The process of transferring
If you wish to transfer your account from one bank to another, don’t expect the process to be simple. It's just not a simple matter. But at least, it is now easier than it was in the past.
You will want continuity – to ensure that you do not find yourself without banking facilities, and to ensure that your cards are not declined when you go to buy or to draw cash from an ATM. You may have had a disagreement with your old bank, and may not wish to deal with them in relation to the transfer. On the other hand, you may be attracted by some aspect of the package offered by another bank e.g. lower charges, better services, etc.
Where to start - that's the question. Should you visit the old bank and close the old account or should you visit the new bank first.
Since 2005, the banks have adopted agreed procedures for transferring accounts. These can be found here
For personal and business customers, the key commitments are:-
- If you decide to switch your personal account, your new bank will give you a switching pack. This pack takes you through the process, step by step. It clearly explains what to expect along the way, who is reponsible for what, how long it will take and exactly what you have to do. Each participating financial institution will produce their own switching packs which will be available to customers on request.
- If you decide to switch your account, your new bank will have your new account up and running within 10 working days once they have approved your application.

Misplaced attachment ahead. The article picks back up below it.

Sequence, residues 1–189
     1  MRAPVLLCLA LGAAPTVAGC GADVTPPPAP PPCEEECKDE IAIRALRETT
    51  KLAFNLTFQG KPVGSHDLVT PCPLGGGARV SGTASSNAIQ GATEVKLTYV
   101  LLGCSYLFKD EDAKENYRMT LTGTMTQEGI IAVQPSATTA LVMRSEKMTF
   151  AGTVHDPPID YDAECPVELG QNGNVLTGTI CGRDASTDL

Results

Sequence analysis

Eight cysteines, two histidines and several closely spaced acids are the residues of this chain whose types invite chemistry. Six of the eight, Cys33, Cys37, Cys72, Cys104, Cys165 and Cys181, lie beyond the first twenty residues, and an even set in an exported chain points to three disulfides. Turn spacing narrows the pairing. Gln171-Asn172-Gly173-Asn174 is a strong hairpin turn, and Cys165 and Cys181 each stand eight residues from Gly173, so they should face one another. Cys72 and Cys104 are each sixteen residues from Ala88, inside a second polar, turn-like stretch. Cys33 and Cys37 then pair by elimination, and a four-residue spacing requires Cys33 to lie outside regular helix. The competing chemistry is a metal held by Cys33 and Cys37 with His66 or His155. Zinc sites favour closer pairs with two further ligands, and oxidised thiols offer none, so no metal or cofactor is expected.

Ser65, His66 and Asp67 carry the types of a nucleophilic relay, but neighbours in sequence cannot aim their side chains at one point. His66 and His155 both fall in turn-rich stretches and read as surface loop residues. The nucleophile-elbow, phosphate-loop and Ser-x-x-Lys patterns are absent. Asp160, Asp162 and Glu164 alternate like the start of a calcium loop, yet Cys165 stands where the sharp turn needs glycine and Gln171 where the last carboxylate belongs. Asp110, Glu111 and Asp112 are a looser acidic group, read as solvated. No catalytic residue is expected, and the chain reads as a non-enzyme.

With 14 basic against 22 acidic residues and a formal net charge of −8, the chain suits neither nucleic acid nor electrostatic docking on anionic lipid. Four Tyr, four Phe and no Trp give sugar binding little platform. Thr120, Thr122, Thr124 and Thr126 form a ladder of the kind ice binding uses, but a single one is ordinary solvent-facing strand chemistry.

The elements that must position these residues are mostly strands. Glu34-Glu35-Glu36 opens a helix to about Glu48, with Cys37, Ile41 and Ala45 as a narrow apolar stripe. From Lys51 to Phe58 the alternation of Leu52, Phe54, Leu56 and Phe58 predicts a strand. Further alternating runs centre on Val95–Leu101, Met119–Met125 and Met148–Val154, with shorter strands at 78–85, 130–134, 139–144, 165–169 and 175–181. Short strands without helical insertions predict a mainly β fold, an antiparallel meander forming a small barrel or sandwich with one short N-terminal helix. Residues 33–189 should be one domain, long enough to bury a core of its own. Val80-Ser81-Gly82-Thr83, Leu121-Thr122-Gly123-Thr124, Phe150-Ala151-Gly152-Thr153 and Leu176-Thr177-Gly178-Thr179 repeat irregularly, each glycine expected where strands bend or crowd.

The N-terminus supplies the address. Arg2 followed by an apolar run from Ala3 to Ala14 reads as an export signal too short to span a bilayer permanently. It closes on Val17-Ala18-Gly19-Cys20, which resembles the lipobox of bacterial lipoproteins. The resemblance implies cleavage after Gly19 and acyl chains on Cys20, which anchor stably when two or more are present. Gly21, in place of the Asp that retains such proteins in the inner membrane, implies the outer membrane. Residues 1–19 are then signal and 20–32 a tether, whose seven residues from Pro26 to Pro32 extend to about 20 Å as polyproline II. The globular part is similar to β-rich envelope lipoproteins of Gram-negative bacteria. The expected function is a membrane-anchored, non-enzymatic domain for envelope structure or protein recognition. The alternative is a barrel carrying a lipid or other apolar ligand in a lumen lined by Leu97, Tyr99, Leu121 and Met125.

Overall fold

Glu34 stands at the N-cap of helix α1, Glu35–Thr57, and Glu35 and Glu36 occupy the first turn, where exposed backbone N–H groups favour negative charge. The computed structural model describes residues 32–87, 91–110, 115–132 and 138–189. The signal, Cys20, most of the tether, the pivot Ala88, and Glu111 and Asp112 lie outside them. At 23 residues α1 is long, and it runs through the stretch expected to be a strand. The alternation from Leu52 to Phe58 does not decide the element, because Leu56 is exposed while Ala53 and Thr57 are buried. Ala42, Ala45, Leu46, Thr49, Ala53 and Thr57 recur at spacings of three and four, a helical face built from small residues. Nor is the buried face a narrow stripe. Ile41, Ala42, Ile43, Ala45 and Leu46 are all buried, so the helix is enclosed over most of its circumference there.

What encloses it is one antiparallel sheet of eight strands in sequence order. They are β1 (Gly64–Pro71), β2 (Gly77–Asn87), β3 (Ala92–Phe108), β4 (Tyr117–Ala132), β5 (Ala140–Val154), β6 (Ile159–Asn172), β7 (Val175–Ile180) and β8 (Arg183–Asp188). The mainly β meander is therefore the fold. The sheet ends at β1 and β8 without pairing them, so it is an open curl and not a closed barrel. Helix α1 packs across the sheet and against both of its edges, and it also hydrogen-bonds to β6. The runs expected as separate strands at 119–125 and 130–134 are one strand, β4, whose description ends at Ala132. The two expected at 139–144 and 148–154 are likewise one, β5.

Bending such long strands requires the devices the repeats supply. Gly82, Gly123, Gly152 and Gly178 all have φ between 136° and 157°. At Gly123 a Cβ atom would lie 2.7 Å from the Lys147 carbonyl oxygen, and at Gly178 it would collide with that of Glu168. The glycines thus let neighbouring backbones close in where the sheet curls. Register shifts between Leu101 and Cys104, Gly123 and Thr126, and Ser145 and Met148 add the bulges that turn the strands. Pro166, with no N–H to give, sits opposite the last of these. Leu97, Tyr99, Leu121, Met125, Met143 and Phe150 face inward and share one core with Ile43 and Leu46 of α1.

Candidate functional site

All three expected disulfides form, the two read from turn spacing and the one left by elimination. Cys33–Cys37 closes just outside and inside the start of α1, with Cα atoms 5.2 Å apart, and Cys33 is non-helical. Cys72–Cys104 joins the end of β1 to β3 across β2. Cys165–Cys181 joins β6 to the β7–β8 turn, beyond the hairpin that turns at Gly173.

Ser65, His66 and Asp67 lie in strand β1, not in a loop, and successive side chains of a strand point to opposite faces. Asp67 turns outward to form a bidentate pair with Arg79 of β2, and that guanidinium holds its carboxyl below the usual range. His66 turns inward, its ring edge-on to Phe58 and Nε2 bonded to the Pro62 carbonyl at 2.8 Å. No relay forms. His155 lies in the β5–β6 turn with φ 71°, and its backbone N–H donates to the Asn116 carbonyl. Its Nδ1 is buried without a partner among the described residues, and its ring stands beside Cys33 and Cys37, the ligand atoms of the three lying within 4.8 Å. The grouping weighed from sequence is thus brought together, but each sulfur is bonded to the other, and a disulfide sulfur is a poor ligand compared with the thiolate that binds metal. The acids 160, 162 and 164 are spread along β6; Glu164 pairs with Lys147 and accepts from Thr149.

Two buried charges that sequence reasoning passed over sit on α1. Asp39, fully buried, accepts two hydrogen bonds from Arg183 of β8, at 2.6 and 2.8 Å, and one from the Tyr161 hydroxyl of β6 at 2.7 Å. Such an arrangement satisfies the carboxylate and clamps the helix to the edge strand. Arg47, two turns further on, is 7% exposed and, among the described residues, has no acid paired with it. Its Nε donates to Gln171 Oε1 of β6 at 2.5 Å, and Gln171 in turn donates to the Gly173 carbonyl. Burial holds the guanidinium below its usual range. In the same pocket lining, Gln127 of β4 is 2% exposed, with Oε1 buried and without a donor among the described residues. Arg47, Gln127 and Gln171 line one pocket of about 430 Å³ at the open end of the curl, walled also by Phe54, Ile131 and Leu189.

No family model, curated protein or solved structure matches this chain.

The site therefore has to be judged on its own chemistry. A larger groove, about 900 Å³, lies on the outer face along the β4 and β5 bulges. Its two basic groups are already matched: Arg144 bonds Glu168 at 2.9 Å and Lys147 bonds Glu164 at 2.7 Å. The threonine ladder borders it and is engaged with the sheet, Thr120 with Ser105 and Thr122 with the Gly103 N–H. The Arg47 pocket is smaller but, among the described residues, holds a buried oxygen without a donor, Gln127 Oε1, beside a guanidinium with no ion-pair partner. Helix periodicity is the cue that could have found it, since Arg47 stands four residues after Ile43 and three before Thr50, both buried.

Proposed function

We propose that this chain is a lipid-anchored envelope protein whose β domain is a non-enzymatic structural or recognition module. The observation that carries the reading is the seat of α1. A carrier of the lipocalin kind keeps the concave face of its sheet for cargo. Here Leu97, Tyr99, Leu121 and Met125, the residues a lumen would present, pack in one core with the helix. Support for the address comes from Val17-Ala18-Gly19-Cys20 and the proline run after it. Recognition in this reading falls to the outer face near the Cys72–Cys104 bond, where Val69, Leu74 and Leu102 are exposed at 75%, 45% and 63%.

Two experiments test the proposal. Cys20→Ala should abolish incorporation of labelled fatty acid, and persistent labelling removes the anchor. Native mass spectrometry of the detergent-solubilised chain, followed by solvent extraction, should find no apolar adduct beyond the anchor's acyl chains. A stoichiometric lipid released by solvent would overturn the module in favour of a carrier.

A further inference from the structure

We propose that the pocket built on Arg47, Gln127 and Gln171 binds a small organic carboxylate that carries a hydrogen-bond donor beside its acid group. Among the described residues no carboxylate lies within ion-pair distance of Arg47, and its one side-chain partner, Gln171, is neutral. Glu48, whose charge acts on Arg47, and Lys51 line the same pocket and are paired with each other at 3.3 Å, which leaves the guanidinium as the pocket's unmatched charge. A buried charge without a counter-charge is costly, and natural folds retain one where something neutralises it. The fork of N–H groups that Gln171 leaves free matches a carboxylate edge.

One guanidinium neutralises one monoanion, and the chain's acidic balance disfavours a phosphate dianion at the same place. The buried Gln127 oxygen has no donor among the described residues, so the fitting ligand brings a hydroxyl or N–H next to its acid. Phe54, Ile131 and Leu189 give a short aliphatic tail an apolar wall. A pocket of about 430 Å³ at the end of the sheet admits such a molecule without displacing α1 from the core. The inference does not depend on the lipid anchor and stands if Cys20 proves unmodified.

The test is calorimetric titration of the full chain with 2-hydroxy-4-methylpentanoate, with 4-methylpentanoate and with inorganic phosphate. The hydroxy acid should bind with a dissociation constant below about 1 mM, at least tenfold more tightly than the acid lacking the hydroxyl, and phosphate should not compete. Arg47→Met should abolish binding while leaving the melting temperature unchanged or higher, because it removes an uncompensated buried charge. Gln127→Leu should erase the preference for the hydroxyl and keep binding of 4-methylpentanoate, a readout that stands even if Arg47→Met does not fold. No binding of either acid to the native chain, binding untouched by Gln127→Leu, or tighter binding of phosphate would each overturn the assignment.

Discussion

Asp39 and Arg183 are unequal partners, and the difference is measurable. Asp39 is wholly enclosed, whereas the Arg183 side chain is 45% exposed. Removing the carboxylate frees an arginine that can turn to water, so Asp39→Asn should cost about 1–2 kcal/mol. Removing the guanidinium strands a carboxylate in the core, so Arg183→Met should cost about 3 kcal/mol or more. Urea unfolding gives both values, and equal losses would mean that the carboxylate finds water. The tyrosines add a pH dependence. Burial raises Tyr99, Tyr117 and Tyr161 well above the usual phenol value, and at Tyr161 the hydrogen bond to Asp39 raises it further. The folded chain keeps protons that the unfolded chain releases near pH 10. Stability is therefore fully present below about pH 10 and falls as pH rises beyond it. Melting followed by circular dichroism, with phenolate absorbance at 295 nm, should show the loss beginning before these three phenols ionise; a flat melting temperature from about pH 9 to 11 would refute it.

- Your previous bank will provide your new bank with information on your standing orders and direct debits in order to complete switching your account. As soon as the new bank sends a signed Transfer of Account Form, this switch will be completed within 7 working days.
So your start point is a visit to your new bank. They will likely give you a switching pack with all relevant forms and other material. Read them carefully, especially in relation to informing your employer about the change if you are paid directly into your account. If you have dividends paid directly into your account, you will have to notify the registrars of the shares which you hold - this notification is not an automatic part of the transfer process.
The transfer procedure is managed by your new bank. When you give them notice of your wish to transfer, they will do preparatory work which includes the production of new cards, cheque books and any other devices which you may require.
When these have been produced, your new bank will arrange to transfer your standing orders and direct debits, and the actual funds in the account, and your old bank will then close the old account.
Some pitfalls and deficiencies
The transfer process caters for the main banking services. It does not transfer your online banking details. If you use online banking, then it is likely that your bank holds the details of your regular payees, including the relevant reference numbers. You will have to retrieve these, and set them up in the online system of the new bank.
If you are a recipient of standing order payments (as opposed to a payer) the standing orders will not be automatically transferred. You will have to go to each payer to request that a new standing order be set up - and there may be additional charges to the payer of the standing order for the alteration. This deficiency of the transfer process means that for charities and other organisations who receive an income by standing orders, transferring to another bank is usually not worthwhile. They are essentially captive customers.